Like (I think?) all his ABC books it starts off with a big fat two-page slab of text (actually maybe TLOEG doesn't have that? But I'd have to check...): "Powers of Arrest: Precinct Ten and Social Super-Vision." Reading it isn't necessary to enjoy the rest of the book but it will set up nicely for what to expect ("Once described as a "strontium wedding cake," Neopolis as it is now brings to mind more a four-story carpark designed by a varied committee that including Ray Bradbury, Fritz Lang and Zeus.") as well as filling you with enough background detail to help you make sense of what to expect - as well as getting in a nice little dig on the proliferation of superheroes in the worlds of Marvel and DC [4]: "...with too few jobs to offer the hordes of science-champions, who were therefore forced to seek employment in less glamorous professions." [5] Oh: and not forgetting the important fact that it's also pretty funny ("You got stung by a normal bee? It wasn't even radioactive? What the hell is wrong with you?").

As I said Alan Moore sure likes showing off how smart he can be - and the evidence of that is splattered over every single background detail, plot-line and location of Top 10: only instead of trying to unpick the mysteries of existence (or whatever): his only aim is to entertain you (the lucky reader) as much as possible. I mean - to take just one tiny example: he names a superhero nightclub: "Chemicals & Lightning" because - obviously - that's the perfect name for a superhero nightclub (I would explain the reasons why - but it feel like that would dilute the joke - but you get it right?) [6]. Also one of the big funs from reading Top 10 is the massive cast of characters - you don't normally get such large ensembles in comics mainly because (I guess) it can be hard to bring people to life when all you have is the art and a few lines of dialogue for each person: proper literature non-picture books are easier because you've got more space to get to know someone - and TV takes some of the strain off because you have actors doing a lot of the leg-work for you: the only real exception in comics I guess is the big team up books like the Avengers and the Justice league: but there some of the strain is taken off because - well - everyone knows who Batman is. Which makes the work Alan Moore pulls off in Top 10 seem even more remarkable: he basically invents a whole police department (according to wikipedia there's twenty-one police officers alone: and that's before you get to the random citizens they encounter) and then makes every one of them feel fully formed and - well - like real people [7].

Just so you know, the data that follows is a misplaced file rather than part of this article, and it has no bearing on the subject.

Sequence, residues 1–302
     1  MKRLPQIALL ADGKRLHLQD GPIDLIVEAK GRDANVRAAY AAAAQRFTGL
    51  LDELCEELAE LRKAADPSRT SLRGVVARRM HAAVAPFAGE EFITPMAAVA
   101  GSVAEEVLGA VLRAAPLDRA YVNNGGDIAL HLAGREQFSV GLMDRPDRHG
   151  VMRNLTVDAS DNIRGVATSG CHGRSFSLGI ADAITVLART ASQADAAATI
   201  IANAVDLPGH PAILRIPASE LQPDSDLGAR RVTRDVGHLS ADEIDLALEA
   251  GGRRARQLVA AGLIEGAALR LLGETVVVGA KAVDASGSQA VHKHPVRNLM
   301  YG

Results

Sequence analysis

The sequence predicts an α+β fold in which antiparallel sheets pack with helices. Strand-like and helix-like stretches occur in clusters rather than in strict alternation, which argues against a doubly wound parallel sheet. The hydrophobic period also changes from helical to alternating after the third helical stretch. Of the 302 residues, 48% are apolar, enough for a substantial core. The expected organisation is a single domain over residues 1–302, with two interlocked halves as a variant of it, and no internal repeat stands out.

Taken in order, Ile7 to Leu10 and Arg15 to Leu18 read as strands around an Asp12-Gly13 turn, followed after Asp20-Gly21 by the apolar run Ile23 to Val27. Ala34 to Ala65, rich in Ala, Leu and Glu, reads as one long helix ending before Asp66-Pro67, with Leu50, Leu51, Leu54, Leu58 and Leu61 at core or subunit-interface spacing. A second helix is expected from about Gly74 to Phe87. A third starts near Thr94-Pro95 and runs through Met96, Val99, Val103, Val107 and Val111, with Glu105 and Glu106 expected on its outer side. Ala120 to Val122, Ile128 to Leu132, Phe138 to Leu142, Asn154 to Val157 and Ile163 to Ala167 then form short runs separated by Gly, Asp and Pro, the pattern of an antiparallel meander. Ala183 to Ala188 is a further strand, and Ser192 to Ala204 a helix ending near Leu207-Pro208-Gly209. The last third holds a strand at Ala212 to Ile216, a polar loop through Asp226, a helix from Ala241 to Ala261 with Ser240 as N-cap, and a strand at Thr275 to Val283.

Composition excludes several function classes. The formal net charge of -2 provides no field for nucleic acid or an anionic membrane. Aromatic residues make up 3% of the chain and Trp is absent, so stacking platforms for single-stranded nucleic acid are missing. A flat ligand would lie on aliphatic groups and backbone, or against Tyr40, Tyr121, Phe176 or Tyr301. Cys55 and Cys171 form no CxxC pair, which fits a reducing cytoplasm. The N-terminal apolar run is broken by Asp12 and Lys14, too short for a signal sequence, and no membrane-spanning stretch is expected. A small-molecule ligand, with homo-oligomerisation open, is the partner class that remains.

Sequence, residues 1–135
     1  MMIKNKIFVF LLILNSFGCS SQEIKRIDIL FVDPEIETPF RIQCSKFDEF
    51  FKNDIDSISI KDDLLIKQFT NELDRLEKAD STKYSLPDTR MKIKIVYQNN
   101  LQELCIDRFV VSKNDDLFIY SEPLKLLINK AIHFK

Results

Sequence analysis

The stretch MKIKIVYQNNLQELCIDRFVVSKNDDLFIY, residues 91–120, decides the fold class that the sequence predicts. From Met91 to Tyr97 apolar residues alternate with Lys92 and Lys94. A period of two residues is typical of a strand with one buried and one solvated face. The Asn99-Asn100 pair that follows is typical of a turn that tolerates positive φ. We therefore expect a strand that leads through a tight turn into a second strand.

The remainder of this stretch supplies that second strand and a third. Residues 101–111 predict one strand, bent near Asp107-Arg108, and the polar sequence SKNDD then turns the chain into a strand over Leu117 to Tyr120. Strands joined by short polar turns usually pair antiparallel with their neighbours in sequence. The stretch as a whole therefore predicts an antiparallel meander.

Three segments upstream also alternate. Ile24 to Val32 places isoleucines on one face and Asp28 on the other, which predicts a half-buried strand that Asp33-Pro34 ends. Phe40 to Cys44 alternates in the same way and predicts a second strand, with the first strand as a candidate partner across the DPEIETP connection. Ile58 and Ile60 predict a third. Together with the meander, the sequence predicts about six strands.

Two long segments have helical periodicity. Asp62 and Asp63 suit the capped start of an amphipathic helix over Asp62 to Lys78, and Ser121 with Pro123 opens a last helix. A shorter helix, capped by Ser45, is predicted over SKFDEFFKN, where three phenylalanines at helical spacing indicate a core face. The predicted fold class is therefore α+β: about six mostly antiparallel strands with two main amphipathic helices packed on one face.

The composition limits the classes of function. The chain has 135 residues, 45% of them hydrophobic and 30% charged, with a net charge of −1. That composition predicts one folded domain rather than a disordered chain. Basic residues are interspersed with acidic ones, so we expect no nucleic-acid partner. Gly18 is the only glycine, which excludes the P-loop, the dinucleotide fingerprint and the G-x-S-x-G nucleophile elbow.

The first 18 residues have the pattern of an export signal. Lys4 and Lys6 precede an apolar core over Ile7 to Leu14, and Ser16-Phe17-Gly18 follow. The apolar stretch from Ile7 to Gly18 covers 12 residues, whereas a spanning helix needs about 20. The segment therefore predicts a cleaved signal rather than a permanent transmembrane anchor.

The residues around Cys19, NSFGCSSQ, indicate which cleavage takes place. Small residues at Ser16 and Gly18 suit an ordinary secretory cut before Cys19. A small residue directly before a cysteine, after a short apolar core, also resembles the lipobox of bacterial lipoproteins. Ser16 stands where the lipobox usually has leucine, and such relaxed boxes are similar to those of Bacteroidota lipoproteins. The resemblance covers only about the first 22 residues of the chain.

But yeah - Dealing with typical police drama issues (and it's no shy of dealing with some pretty hardcore subjects [8] - so don't think that it's all jolly fun and games ok?) but (mostly) with sortsort of science-fiction twist it's based around the lives of the assorted police officers (at one point memorably described as: "dogs, lesbians and devil worshippers" - but hey - just so you know: they also have their bad points too) at the 10th Precinct Police Station of the futuristic city of Neopolis. Overloaded with superhero references [9] and easter eggs hidden in all the corners of the almost deliriously busy artwork by Gene Ha and Zander Cannon (I mean - even the first panel of the first book has enough jokes and ideas to keep most other comic going for (I dunno) a whole year or so: "Logan's DNA dietary supplement. With extra adamantium!" "Injured? Call...Legion of Super-Lawyers") it also (yes) provides the all entertainment any good cop show needs - office politics, romantic entanglements ("So what did she say about me? She told you we went out together right?") and lots of messed-up cases (taking in both the high (serial killers and Deicide [10]) and the low (you know: traffic accidents and stuff like that...)): I mean - ok - maybe it might not live on much in your head after you put it down but while you're inside and breathing it in - it's frothy and diverting and loads and loads and loads of fun. You know: like any other cop / police procedural show (only this one has more brightly-coloured capes).

Oh and (in case you weren't aware): there are two spin-offs also by Alan Moore called Smax and Top 10: The Forty-Niners (a prequel) which should also be checked out for all of those who enjoyed Top 10 as much as I do.